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Drag Washers - To Grease or Not to Grease

Posted by Mike on 2015 Aug 29th

ahhhhh the age old question. Actually I think this one is fairly new with the advent of the carbon washer influx that's the norm right now, but the question still remains... Grease or no grease.

Manufacturers have used grease or sometimes even a heavy oil on their washers ever since I can remember. Mostly because the washer material used wouldn't work very well, or last very long, with it. For instance.. a lot of spinning reels come with an oiled felt washer, whether it be on one washer or three. This felt, if left unlubed would burn up with the heat created as a fish takes line. More times than not we'll service an old spinner that's been well used and the drag stack is nothing but metal plates grinding on metal plates! Ouch. Now tell me that the little bits of felt washer stuck to the sides helped stop that fish. I think not. If those same washers were kept oiled up they most likely would have lasted much longer and done their job much better than letting them dry out and keep fishing.

Same goes for cloth washers like in some lever drag reels and older Shimano baitcasters. The cloth would just burn (or turn color from the heat) and the drag would be jerky. Now put some drag grease on them and that changes everything. The drag now becomes better at startup and remains smooth through the entire drag range. Same with a lot of these so-called proprietary black washers, whatever they may be called. If they are left unlubed or let dry out, the drag becomes jerky and unresponsive with the end result being the washers overheating, and ultimately cracking and ending up all over the inside of your reel. A nice yummy mess.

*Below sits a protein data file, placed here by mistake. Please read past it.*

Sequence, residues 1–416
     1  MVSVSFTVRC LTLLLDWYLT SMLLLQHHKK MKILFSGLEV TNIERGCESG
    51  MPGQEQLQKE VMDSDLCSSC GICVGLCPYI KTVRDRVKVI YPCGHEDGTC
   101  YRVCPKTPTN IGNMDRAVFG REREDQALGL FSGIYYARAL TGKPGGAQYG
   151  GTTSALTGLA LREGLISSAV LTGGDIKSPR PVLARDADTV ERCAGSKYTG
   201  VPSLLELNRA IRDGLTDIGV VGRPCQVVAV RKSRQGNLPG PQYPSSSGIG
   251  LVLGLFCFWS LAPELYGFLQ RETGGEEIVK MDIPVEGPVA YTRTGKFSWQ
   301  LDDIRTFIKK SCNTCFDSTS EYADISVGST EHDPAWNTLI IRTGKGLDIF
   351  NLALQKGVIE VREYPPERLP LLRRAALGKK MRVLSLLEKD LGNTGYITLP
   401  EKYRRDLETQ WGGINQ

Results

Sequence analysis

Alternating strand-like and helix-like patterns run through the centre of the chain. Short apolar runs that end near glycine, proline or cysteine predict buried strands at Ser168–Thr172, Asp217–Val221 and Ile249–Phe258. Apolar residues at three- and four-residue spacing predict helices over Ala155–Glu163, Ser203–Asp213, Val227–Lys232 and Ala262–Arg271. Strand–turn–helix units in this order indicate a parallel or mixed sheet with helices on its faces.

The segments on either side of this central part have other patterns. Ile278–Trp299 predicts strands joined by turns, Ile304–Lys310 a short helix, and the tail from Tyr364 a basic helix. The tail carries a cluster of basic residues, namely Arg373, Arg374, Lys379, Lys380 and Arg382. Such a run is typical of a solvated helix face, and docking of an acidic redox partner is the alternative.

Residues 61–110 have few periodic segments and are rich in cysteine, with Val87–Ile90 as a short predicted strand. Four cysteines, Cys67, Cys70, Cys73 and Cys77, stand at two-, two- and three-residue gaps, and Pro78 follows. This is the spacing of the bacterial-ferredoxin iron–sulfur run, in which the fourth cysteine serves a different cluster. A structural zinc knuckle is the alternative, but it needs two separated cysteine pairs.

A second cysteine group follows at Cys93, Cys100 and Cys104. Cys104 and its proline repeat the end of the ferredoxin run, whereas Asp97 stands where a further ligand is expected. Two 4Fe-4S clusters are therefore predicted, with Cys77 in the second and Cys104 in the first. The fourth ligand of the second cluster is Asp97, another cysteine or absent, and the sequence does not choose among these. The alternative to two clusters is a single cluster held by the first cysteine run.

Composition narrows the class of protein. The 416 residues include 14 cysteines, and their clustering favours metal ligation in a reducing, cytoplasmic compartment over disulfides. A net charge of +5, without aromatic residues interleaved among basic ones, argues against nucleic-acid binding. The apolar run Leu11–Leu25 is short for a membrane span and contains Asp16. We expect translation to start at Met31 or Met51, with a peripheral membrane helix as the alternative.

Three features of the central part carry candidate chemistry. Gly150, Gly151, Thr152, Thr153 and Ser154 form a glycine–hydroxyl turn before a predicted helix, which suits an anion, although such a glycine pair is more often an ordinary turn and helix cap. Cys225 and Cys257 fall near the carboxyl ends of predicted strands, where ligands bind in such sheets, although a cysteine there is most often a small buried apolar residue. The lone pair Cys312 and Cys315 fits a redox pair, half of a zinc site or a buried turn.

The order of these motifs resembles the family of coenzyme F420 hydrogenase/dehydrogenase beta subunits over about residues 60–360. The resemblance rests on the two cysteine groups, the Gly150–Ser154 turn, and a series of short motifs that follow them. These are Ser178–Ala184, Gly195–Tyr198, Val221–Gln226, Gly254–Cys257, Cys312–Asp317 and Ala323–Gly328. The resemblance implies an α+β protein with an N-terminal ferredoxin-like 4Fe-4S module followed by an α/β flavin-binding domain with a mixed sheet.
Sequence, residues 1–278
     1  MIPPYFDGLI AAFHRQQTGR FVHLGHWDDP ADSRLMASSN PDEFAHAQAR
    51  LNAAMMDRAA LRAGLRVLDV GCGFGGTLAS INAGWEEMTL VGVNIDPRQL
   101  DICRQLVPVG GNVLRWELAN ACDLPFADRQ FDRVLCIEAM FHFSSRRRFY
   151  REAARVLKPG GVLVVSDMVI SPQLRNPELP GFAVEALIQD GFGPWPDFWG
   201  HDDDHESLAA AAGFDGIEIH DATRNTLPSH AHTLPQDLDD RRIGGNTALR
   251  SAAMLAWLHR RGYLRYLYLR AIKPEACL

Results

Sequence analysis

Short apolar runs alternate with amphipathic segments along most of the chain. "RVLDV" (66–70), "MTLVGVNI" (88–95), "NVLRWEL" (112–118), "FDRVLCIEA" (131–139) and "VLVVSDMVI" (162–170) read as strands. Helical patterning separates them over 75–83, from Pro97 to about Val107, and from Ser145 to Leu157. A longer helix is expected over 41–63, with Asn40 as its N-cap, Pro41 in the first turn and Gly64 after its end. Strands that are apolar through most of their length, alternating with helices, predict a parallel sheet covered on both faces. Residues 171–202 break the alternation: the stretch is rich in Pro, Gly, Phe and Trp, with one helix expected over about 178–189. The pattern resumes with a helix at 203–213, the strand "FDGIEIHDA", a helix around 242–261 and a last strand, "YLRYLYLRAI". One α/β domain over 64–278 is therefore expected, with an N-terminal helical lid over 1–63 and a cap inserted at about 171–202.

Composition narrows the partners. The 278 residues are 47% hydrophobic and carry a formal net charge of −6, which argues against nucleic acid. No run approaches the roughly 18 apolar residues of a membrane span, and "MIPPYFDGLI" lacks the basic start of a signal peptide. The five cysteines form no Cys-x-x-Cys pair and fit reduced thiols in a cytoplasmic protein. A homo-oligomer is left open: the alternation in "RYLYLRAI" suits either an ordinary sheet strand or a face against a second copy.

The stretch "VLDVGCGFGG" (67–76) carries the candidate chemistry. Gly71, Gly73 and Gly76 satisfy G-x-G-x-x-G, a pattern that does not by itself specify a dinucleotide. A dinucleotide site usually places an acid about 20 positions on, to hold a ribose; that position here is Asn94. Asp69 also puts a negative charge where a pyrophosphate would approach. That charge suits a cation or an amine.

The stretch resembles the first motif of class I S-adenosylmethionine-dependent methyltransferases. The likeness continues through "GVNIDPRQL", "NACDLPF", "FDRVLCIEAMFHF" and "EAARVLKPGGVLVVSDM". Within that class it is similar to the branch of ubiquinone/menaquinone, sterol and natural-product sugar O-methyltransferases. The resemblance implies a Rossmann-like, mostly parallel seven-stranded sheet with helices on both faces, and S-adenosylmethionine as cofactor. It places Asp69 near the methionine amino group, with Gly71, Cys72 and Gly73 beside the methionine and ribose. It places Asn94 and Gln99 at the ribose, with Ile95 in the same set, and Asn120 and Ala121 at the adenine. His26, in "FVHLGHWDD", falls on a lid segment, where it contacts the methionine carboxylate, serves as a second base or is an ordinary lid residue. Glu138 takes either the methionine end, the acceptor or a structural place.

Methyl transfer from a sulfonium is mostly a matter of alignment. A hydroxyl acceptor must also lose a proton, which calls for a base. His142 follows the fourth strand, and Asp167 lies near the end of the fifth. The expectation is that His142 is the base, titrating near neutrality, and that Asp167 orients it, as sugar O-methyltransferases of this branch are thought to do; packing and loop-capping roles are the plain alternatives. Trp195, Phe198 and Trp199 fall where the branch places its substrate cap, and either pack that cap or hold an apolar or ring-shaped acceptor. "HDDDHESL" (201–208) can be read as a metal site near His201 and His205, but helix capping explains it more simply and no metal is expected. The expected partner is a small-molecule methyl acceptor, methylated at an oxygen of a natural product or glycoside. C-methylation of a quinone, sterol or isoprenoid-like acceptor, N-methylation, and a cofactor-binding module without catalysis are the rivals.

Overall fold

Now take the carbon washers of today, can be used either dry OR greased. These washers DO NOT BURN. Try to light one of these with a lighter and nothing happens. Carbon doesn't burn up like the other types of washers and they don't seem to change with a long fish fight. (No fade or very little) When these washers are installed dry and in a CLEAN ENVIRONMENT (no old oil or grease, dirt, etc) they are exceptionally smooth and deliver a fantastic range. This is even more apparent in multi-disk drag stacks like (for example) an Abu 6500C3 or Daiwa Luna 300 or Shimano Calcutta 400. When greased washers are installed in the very same reels, one would think that the drag either becomes non existant or better depending on which side of the fence you come from. Fact is that the drag still has a pretty good range but has a lighter startup in light drag settings. The greased drag in these multi disk reels works very similar to a non greased setup other than the extreme top end (max drag pressure). The maximum drag tension is lessened to a degree with the grease. Makes sense too....grease on your car's brakes may work but an extreme stop just won't happen.

In a single drag disk setup, say for example a Shimano Curado 200, a dry carbon washer seems to be not quite strong enough to satisfy the status quo. Grease it and the max drag gets better. Go figure.

In a saltwater setup, I wouldn't even hesitate to grease the carbon washers. This extra grease will aid in fighting off the ever corrosive saltwater and keep the washers from drying out and collecting salt air moisture in them, causing the drag to become jerky.

Hope we shed a bit of light on this subject, now it's up to you to choose :)